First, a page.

From the Shop Floor — The Week in Manufacturing (7/13/2012) re-posted an AP story detailing just how badly things are slowing down in China.

PepsiCo is apparently looking to tap into the rapidly expanding Chinese middle class with the announcement of a new LEED-certified production facility.

That beacon for left-leaning thinkers everywhere, Mother Jones, details how, even as Mitt Romney the candidate decries the continued outsourcing of American jobs, Mitt Romney the businessman supported that very thing as private equity firm he founded, Bain Capital, made it a regular practice to invest heavily in companies which made outsourcing part of their standard practice.

On the same token, a blogger in the Huffington Report says that on President Obama’s Jobs Council there are a number of companies represented that have engaged in outsourcing.

Even though they got the uniforms donated as part of a sponsorship, many members of Congress are fuming over the U.S. Olympic Committee’s decision to dress this year’s U.S. Olympic teams in uniforms made in China.

Add Starbucks to the growing list of American companies willing to buck the trend and open a manufacturing facility in this country, as the coffee house giant will do with a brand new plant in Georgia set to come online in 2014.

I’ve written chapter and verse about the solar panel wars between China and the U.S.  Here’s another sign that China’s dumping of millions of below cost solar panels into the U.S. market to try to corner it is, indeed, working.  General Electric this week announced it was halting construction on a proposed solar panel factory in Colorado.

As as been reported pretty much everywhere this week, U.S. manufacturing’s growth is slowing considerably.

Here’s another great story on the amazing promise of 3D printing

Congressman David Cicilline (below), a Democrat from Rhode Island, was among the speakers at a Brooking Institution half-day seminar this week.  Lot of obvious stuff here, but it points out that the needle of public perception is starting to move when it comes to the importance of manufacturing.  By the way, the annual seminar, which is entitled the John H. White Jr. Forum on Public Policy and is set up specifically to study the state of manufacturing in this country, was endowed by its namesake, who owns and operates a third generation hydronics manufacturing company with plants in both Rhode Island and Massachusetts.  I’ll include more video clips from this year’s seminar in the weeks ahead.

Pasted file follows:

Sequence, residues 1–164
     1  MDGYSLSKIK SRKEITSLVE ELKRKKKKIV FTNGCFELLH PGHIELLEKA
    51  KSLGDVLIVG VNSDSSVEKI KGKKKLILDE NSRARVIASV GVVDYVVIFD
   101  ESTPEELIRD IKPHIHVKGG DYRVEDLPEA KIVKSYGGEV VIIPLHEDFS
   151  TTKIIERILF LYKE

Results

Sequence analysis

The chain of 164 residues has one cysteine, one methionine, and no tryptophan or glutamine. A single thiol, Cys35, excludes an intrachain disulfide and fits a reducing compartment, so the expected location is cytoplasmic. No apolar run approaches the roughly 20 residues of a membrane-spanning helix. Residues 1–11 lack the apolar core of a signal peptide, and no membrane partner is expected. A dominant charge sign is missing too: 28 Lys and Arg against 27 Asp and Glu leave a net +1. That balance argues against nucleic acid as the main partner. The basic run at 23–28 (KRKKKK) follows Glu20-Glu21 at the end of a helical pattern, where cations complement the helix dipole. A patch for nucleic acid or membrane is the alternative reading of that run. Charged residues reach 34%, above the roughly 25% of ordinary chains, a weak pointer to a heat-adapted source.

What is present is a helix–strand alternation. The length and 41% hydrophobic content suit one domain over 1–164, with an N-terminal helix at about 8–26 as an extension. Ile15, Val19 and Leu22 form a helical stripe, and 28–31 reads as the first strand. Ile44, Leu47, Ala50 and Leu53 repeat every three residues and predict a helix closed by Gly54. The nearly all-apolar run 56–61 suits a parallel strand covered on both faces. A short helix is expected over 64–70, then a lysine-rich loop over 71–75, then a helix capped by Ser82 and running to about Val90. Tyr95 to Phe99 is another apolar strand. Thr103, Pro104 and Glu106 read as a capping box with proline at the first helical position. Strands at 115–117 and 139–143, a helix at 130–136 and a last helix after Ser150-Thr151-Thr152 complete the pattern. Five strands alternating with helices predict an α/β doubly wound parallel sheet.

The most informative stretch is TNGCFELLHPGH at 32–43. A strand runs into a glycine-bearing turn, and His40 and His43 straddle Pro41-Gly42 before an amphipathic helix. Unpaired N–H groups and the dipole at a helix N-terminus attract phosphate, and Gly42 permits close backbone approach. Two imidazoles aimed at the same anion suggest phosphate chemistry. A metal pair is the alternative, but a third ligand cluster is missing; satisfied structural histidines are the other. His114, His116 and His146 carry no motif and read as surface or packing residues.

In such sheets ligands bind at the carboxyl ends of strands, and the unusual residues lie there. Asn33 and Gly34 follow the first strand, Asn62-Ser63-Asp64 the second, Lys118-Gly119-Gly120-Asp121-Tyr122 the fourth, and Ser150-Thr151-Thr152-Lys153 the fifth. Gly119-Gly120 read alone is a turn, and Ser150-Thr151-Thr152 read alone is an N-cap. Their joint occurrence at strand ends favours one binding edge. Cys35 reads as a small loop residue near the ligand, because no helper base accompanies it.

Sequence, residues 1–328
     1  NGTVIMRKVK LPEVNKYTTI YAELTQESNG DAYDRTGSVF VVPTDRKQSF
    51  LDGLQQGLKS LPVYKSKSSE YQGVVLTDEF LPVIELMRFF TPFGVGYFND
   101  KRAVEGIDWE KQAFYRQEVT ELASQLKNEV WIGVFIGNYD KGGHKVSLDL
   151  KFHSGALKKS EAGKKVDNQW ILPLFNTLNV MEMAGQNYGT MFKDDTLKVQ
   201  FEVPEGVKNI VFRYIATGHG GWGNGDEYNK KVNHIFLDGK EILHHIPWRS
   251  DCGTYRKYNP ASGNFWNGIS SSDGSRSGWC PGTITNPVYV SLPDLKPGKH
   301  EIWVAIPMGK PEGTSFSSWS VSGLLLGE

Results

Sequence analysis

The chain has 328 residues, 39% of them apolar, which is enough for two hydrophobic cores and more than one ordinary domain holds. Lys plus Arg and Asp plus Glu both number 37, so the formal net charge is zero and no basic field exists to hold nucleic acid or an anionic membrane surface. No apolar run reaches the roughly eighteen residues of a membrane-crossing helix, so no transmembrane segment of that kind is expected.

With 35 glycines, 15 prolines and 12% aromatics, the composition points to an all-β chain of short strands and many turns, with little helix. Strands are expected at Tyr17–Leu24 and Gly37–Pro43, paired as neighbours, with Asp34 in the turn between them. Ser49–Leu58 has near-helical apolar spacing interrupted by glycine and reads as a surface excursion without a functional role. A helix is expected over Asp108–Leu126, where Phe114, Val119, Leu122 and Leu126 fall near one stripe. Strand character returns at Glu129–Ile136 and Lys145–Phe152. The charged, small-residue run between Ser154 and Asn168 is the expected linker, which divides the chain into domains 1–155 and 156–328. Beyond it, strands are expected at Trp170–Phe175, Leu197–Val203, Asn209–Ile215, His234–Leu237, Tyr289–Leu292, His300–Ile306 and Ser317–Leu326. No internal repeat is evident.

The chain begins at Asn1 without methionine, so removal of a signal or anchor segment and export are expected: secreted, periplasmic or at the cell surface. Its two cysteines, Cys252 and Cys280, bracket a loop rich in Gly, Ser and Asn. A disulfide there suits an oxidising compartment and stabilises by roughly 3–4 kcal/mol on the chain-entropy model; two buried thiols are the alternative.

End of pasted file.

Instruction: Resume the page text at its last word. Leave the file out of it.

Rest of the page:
The Association for Manfuacturing Technology says that orders for machine tools and related equipment rose in May by over 14%.

Blogger Clyde Prestowitz ponders, Is Google serious about U.S. manufacturing?

 USA Today details how the “Helicopter King of China” is slowly building an aircraft manufacturing empire.

And finally, a little bit of good news.  The New York Times reports that, despite what has been a clear slowing down of the economy and some troubling numbers of late, many economists feel that things will pick up and that the final six months of 2012 will see twice the growth of the first six months.

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